“Archaeology and Medicine – Touring the HTLV-1 virus”  Mitsufumi Okamoto (Director of Internal Medicine Okamoto Clinic)|電経新聞

“Archaeology and Medicine – Touring the HTLV-1 virus”  Mitsufumi Okamoto (Director of Internal Medicine Okamoto Clinic)

Science and humanities. Generally speaking, when you think of medical school, you think of it as a science major. However, when I was in middle school and high school, my favorite subjects were Japanese history, ancient Japanese literature, and Chinese literature, and my weak subjects were mathematics and physics. In particular, I loved Japanese history so much that I got a perfect score on the national mock exam, and until the very end I had a hard time deciding whether to pursue a liberal arts major and aim to become an archaeologist, or to pursue a science major and aim to become a doctor.

I would like to introduce the HTLV-1 virus as part of this collaboration between archeology and medicine.
The HTLV-1 virus is a virus that causes adult T-cell leukemia and malignant lymphoma, and is a virus that infects T cells, a type of white blood cell. Recently, former professional baseball player Manabu Kitabeppu passed away from this disease, so some of you may be familiar with it.
Carriers of this virus (people who have the virus in their bodies but have not developed leukemia or lymphoma) are found mainly in western Japan, such as Kyushu, Shikoku, and the Kii Peninsula, and are mainly transmitted to the next generation through breast milk. To go. For this reason, one local government in Kyushu requires pregnant women to be tested for the HTLV-1 virus, and if they test positive, the local government subsidizes the cost of milk to prevent the next generation from being infected. It is hoped that with such measures, the HTLV-1 virus will be able to be eradicated or close to being eradicated in the future.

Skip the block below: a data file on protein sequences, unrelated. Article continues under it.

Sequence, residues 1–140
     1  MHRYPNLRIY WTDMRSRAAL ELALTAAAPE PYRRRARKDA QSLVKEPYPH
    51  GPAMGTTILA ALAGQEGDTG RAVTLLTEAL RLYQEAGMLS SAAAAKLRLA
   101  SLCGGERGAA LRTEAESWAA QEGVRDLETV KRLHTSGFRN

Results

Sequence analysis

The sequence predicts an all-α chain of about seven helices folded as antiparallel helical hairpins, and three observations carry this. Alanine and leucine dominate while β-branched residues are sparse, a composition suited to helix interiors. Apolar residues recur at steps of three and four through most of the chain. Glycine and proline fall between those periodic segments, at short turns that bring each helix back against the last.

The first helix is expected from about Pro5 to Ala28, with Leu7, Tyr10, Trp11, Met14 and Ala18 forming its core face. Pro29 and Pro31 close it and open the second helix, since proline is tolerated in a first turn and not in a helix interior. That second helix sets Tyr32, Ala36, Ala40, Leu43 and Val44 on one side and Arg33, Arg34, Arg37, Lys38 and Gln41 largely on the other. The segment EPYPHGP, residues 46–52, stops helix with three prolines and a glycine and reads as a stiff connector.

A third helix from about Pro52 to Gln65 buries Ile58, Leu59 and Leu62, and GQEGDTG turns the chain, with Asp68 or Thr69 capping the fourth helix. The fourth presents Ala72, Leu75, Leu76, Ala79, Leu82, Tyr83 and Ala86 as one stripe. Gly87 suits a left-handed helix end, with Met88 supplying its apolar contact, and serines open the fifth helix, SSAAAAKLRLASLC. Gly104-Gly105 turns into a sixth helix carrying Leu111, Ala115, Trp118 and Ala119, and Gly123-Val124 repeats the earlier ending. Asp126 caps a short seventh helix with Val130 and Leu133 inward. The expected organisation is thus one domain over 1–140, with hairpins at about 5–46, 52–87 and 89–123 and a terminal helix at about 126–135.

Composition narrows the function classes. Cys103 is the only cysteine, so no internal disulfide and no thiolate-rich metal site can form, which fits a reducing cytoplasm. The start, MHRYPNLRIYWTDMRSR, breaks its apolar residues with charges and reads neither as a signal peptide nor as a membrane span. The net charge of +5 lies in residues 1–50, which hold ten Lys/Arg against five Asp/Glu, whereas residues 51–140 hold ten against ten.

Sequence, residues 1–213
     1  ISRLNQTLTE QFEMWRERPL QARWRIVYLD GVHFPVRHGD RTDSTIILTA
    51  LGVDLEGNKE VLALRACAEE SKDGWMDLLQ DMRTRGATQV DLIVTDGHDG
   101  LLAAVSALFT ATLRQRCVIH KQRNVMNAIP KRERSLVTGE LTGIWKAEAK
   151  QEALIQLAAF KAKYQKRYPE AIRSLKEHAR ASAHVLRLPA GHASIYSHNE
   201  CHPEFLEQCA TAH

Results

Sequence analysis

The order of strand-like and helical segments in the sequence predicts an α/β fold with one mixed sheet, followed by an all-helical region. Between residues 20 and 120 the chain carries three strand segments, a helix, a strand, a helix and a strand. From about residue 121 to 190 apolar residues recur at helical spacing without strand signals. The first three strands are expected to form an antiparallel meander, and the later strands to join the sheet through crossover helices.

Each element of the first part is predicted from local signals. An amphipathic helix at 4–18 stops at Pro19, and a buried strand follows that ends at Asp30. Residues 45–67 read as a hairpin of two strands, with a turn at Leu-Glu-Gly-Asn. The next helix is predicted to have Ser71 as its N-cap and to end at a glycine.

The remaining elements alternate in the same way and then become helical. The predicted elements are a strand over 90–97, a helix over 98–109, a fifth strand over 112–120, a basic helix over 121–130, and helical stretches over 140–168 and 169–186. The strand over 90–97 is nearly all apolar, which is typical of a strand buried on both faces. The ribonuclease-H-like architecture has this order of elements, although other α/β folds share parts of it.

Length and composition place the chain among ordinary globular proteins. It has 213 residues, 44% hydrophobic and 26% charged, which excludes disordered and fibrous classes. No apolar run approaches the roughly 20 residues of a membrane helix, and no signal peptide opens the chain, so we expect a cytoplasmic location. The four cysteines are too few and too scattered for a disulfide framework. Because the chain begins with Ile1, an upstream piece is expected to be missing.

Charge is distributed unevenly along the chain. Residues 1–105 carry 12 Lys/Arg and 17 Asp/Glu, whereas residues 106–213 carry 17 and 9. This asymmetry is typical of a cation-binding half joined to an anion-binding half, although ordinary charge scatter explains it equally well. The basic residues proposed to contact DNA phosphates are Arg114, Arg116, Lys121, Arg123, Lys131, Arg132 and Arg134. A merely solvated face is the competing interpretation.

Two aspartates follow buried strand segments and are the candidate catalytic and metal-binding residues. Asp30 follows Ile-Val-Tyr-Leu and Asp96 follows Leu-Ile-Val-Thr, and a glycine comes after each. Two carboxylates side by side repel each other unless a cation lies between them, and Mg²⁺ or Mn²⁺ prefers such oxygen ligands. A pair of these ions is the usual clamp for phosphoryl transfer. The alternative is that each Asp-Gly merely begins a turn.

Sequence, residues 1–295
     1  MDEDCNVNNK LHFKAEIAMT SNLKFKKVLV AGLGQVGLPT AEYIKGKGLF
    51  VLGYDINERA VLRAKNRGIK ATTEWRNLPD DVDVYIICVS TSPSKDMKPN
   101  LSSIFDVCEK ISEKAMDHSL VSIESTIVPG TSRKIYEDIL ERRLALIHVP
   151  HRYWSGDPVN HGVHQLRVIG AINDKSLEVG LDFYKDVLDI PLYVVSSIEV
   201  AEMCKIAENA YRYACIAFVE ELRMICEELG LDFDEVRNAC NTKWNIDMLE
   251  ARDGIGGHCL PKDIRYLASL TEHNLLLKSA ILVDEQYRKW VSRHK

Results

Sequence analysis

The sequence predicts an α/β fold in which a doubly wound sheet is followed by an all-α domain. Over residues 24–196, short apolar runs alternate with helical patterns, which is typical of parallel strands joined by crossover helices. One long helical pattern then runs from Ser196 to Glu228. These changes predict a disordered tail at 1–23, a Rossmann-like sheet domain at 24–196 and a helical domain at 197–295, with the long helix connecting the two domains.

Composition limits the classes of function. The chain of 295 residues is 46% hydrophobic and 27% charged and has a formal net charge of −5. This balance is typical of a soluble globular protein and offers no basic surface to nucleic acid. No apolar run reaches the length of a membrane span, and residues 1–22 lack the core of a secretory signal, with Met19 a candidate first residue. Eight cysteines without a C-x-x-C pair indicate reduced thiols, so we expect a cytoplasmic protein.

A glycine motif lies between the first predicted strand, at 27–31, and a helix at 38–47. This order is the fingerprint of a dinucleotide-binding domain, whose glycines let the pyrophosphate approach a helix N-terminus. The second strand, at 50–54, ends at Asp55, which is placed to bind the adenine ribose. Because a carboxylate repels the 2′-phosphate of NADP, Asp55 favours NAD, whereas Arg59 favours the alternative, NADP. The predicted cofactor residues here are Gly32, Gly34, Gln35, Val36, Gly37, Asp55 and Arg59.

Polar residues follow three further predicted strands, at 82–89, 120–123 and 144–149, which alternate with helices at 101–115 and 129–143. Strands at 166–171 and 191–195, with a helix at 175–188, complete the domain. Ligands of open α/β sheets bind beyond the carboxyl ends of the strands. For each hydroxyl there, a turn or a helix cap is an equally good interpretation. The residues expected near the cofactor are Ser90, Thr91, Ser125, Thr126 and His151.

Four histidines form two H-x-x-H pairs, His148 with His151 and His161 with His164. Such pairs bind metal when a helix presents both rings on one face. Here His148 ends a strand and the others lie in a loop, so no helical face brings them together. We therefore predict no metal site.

Now, the reason why this HTLV-1 virus is so common in western Japan is that, as mentioned above, it is mainly transmitted through breast milk, and it is assumed that the virus is distributed along with the movement of humans. Looking around the world, it is common in some regions such as South America and Africa.

It is very interesting to trace the ancestry of the HTLV-1 viruses in Japan and South America to the Jomon period. The Jomon period lasted for more than 10,000 years, but if we think about it from an archaeological perspective, we can see what happened when the ancestors of viruses began to diverge. The Jomon people who came from the continent were living in Japan, but around that time, the Kikai caldera in Kyushu caused a large eruption. Volcanic ash fell all over Japan, destroying the chestnut trees that were the staple food at the time. The Jomon people quickly ran into food shortages. Therefore, the Jomon people used their excellent navigation skills to cross the Pacific Ocean in search of a new land unaffected by volcanic ash. Many people may wonder whether it was really possible to cross the Pacific Ocean during that time, but pottery very similar to Jomon pottery has been unearthed in Peru and other places.

In addition to such archaeological facts, this virus has also revealed folklore, such as the fact that Taiwan and Okinawa are geographically very close, and although they have had contact, they have rarely had marriages with each other. ing.
An invisible microscopic virus. From there, we can learn about ancient history such as large eruptions and crossings of the Pacific Ocean, and the dynamic movements and activities of humankind, such as human exchanges.
We hope that further progress will be made in understanding the HTLV-1 virus and further progress in the treatment of adult T-cell leukemia/malignant lymphoma.